Allegheny County District Attorney Stephen Zappala said the deaths of three people in a car who were struck on Thanksgiving by a fleeing suspect could have been avoided if the police departments involved went about it differently.
An East McKeesport police officer pulled 22-year-old Demetrius Coleman over following an alleged traffic violation and learned he was wanted on a felony drug offense. As the officer processed the arrest, Coleman allegedly sped away, possibly reaching 100 miles per hour.
The effort to avoid arrest ended when the suspect’s car struck another, killing a family of three.
Zappala said the incident highlights the need for a uniform police chase policy that includes the use of technologies that prevent drivers from fleeing.
“I’m serious about using this stuff,” Zappala said of using tools such as Stop Sticks, which deflate tires if a suspect tries to drive away. “If you don’t and if… death results, you better expect you’re going in front of at the very least an investigating grand jury to take a look at whether or not you’ve created a crime.”
Zappala said his office would purchase the $140 Stop Stick devices for departments that do not have them.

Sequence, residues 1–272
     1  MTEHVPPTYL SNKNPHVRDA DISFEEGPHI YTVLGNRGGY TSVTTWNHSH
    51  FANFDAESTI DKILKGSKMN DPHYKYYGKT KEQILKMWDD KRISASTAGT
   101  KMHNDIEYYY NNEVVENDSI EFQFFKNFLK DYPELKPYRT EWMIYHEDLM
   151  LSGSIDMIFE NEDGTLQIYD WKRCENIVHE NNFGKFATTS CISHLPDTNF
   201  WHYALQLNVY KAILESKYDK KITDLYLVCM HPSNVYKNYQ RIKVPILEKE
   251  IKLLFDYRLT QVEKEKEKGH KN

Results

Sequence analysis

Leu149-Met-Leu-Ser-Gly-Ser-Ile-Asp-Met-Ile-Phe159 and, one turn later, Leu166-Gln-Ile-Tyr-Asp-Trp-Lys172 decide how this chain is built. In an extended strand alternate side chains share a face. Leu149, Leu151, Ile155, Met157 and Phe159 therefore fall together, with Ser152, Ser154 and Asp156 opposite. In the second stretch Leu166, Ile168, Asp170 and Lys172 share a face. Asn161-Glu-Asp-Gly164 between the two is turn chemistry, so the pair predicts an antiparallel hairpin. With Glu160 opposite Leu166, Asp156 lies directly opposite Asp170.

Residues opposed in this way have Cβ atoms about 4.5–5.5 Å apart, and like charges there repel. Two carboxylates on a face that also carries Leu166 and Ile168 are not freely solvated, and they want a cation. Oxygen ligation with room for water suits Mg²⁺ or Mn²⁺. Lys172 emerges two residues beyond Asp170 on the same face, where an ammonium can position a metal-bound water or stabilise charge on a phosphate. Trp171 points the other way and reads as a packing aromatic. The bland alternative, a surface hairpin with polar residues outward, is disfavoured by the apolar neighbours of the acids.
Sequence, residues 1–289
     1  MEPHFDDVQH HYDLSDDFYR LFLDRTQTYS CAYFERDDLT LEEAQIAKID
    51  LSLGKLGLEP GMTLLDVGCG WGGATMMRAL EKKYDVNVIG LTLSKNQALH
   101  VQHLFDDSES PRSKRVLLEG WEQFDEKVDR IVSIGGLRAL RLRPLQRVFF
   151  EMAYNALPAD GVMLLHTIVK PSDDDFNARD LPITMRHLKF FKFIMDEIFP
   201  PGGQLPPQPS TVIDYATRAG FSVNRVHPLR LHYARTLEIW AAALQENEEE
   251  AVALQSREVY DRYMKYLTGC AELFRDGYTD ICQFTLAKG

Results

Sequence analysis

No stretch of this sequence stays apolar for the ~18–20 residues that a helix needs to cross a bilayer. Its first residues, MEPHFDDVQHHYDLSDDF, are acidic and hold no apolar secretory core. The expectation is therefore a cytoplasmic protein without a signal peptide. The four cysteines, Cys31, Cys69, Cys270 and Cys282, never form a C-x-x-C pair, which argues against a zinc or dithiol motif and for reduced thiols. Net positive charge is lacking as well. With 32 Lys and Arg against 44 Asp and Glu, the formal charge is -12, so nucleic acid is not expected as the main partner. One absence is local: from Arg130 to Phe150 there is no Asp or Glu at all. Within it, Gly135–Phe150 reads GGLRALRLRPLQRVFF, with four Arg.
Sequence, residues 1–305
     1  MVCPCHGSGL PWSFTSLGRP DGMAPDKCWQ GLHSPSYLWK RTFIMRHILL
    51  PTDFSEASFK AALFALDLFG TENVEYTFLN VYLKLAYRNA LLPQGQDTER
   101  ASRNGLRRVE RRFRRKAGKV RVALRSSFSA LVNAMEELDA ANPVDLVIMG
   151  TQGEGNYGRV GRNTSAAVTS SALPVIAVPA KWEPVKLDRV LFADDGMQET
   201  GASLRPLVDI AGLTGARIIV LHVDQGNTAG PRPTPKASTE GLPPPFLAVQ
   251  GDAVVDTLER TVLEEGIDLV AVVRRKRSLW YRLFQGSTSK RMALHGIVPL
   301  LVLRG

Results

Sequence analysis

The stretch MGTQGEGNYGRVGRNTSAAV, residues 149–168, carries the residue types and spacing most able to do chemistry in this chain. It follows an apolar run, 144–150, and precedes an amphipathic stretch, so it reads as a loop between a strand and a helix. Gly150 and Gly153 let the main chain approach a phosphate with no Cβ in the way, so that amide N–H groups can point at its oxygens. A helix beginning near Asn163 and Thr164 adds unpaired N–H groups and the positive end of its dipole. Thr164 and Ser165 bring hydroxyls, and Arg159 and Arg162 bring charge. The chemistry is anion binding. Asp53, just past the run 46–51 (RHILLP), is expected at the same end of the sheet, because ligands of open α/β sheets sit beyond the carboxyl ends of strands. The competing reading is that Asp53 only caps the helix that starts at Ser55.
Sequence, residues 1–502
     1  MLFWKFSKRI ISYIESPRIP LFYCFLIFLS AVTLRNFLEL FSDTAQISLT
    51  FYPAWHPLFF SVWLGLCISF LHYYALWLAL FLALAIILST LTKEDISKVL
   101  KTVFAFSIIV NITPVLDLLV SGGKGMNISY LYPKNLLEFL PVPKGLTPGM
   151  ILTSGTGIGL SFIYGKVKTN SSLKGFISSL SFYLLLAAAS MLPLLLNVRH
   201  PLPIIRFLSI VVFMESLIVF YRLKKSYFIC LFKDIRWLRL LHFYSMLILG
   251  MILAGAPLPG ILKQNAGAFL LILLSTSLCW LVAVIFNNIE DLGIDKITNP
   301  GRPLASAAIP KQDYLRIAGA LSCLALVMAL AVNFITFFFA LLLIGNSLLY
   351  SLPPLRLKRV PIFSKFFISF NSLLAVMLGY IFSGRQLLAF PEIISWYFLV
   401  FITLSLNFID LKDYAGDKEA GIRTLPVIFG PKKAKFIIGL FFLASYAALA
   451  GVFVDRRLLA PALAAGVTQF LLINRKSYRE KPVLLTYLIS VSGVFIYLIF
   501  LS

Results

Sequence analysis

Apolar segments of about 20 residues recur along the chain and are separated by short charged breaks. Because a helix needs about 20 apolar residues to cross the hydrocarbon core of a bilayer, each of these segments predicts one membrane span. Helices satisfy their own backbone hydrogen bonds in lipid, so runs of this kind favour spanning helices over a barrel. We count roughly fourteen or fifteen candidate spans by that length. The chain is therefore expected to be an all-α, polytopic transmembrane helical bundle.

He said he cannot enforce any standard policy, but will continue to speak to police departments about the need for such devices and clear chase policies.
“This is my expectation,” he said. “You will not pursue unless it’s a violent felony. You will not pursue unless a child or some hostage situation is in play. If you’re going to make motor vehicle stops, I want to know why you’re not using this type of technology.”
Zappala said he’s not currently pursuing criminal charges against the officers involved, but said there is legal precedent to charge officers with involuntary manslaughter if they are reckless during chases that result in death. He said he doesn’t think the officers were reckless in this case.
An East McKeesport officer made the initial traffic stop. The police chief of that department has not commented on the municipality’s chase policy.
Zappala said he would also like to see the position of Watch Commander created at the county level to manage multi-jurisdiction chases. The commander would be in touch with all first responders near a chase with the goal of moving officers into path of the fleeing suspect rather than just chasing from behind. That recommendation has not been implemented by Allegheny County Executive Rich Fitzgerald, who did not comment for this story.
Then District Attorney’s office has purchased drones to help with investigations that Zappala said could also be useful in monitoring chases.